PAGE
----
FJORD Gallery

1400 N. American St., STE 105

Philadelphia, PA 19122

Open Saturdays from 2 - 6pm

and by appointment

fjord.info@gmail.com

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Body Without Organs

Body Without Organs

New paintings by Sean Robert FitzGerald
Props by Alex Da Corte

FJORD is pleased to announce its 13th exhibition, Body Without Organs, opening Friday, July 5th from 6-10pm. This exhibition will be on view July 5th through July 28th.

A prop can be a deceitfully straightforward object, often times masquerading itself as purely ornamental or decorative. However, a prop can also become a vehicle for deception if used as a pointing mechanism; transcending the utilitarian through the idea it’s being used to represent. In this instance, the simple theatrical device raises an interesting dilemma about the tension inherent between the world as surface and the world as idea. In the everyday, it’s necessary that we suspend our disbelief about reality and complacently accept the objects around us as idea-props, culturally suited to represent the ideas we’ve grown comfortable to know them for. However, what if a prop or an image were to one day call attention to this discordance between image and idea rather than disguise it? What if one day, the man dressed in black moving things around on stage called attention to himself? Would we be able to reconcile between surface and idea? Or would idea and sign collapse back into the bodies that produce them, proclaiming nothing other than their own meaninglessness? For idea to die, it would have to do so by its own hand; in effect unmaking and consuming itself in a slow suicide. Either way, the erotic fantasy is ruined when the handsome actor looks in dumb submission towards the director off screen for his cue.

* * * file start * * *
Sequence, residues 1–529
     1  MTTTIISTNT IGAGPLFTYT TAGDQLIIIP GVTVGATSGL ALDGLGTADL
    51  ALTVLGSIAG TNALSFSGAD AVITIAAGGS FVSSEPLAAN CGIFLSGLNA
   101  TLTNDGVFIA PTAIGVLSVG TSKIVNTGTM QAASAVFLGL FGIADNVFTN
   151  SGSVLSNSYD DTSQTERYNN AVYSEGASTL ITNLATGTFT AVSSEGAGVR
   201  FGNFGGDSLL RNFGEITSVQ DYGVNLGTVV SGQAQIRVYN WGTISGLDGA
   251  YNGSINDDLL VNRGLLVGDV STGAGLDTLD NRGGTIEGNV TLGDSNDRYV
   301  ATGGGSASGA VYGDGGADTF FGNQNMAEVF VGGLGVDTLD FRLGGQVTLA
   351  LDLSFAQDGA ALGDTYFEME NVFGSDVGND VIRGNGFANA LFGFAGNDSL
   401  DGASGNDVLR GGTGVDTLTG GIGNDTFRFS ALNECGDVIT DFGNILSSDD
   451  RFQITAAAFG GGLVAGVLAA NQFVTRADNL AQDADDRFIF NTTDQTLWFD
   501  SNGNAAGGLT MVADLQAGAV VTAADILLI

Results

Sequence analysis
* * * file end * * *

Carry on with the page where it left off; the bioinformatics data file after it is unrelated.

However, there is a moment of beautiful pathos possible when the actor accidentally lets out an almost inaudible fart. The unanticipated event serves as a subtle foil for the humanity we all possess yet try to forget. Likewise, the images and objects in this show stand as foils for themselves, acting out hypothetical scenarios in a tragicomic play written in water. This collaborative effort is a sort of double suicide. Through this act, and during this mutual process of becoming, the death of the author is inherent and central to the collaborative spirit. Both parties agree to a generative sacrifice of identity in an effort to create a third identity which exists as a sort of phantom body without organs; with one foot in the physical, and one foot in the conceptual. This new body is a bastard organism with faculties and parts so strange that they have yet to define their own function. This bastard body breathes ethanol, sublimates into a queer apparition, shits cadmium and snorts lye through an alabaster straw off the downy blonde ass of a cherub. For the idea is not bound to the same rules as the body. This apparition-body is free to goose the fetishistic hierarchies of tradition with the scatological nonsense of the pornographic. These images and their props point to themselves and proclaim the idea of reality as a farce. We adjust the frequency and witness through a rip in the curtain a theater performed backwards, by actor-objects that not only stare back, but who shriek forth song in tongues unintelligible; frozen in the act of their own becoming.